18. Hello all I am considering setting up a support group to run one evening a month in the Filton area of bristol. Can anyone recommend any good pubs or cafes around that area? It has to be near abbey wood station and university Frenchay campus uwe.
  19. Any research topic which doesn't have permission from one or more of the moderators to be posted will be removed without warning.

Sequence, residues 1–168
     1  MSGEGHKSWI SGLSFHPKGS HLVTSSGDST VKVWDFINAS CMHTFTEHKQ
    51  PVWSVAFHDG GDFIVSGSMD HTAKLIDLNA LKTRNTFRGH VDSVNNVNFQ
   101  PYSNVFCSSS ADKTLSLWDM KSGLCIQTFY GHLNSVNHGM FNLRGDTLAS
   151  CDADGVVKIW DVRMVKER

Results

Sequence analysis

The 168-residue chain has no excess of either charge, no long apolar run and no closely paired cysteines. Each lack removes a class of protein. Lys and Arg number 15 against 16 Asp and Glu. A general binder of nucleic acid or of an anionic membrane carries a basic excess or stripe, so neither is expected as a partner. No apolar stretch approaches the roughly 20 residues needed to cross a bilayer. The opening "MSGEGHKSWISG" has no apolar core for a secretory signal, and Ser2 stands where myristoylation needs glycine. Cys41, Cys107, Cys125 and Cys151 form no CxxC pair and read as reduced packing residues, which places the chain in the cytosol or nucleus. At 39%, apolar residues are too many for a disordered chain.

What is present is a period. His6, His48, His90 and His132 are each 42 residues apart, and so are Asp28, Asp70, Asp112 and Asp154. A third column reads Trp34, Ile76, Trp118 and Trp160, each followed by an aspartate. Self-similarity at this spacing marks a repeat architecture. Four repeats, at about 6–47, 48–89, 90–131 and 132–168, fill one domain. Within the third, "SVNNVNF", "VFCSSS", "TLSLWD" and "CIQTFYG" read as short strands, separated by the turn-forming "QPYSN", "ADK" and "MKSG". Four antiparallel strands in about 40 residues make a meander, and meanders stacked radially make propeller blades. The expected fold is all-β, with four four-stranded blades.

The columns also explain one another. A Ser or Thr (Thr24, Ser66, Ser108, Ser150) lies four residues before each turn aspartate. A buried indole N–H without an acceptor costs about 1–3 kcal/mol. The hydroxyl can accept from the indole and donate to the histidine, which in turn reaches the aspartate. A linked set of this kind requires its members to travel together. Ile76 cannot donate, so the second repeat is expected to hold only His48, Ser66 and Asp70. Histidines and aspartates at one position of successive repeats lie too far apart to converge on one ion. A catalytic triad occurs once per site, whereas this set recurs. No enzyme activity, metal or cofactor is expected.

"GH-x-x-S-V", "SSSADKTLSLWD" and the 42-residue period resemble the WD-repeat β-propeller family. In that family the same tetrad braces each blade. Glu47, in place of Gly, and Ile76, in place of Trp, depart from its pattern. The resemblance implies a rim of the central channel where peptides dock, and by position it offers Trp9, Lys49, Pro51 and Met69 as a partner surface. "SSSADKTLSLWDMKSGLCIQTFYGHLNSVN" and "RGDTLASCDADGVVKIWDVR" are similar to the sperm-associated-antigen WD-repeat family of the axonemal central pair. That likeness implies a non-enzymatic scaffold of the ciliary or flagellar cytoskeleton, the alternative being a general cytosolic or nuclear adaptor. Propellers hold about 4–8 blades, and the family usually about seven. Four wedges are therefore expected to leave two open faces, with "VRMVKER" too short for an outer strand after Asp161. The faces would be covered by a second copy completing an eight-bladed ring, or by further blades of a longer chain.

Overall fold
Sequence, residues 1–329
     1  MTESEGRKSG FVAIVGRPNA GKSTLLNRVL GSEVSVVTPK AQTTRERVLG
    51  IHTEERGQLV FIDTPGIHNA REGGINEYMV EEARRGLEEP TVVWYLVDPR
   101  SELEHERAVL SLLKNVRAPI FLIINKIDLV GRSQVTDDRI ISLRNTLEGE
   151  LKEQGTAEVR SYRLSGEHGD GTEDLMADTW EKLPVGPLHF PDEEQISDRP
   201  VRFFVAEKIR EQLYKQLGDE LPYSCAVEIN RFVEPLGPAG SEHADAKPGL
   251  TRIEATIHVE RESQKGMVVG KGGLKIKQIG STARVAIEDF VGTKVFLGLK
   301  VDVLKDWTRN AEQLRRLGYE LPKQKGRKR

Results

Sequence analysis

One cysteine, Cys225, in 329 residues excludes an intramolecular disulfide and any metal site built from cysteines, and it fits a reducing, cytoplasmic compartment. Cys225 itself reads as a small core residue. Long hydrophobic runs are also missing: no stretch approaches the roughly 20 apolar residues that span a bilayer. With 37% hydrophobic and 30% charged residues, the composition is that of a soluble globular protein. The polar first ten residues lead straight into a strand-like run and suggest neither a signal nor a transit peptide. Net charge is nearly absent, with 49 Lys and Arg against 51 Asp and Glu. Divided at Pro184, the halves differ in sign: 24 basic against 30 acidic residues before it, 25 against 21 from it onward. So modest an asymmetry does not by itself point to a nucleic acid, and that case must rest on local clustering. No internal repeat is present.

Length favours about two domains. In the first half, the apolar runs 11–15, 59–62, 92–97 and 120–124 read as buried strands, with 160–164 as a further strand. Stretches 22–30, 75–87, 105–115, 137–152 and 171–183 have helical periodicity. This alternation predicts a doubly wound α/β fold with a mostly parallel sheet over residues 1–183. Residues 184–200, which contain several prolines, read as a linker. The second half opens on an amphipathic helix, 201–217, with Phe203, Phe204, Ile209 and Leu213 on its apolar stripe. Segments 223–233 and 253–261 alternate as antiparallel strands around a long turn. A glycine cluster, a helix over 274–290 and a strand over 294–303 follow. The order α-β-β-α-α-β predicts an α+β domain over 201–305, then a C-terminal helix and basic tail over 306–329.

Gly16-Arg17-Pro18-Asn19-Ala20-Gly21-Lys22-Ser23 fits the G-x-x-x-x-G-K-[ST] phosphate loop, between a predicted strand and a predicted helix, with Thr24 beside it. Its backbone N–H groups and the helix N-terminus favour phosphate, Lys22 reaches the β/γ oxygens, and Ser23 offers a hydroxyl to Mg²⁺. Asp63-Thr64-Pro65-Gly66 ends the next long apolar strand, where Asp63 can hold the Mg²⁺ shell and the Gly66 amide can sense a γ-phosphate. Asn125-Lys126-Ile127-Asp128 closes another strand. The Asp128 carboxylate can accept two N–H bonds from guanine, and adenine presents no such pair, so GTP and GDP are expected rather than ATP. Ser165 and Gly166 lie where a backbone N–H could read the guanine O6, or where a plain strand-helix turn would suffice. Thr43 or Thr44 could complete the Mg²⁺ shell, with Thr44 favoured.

20. editing post

    Hello and welcome to the forum. If you message me with a Web link I can delete or edit your post for you.
  21. You might want to try the autscape conference at the end of August? http://www.autscape.org/2018/registration/fees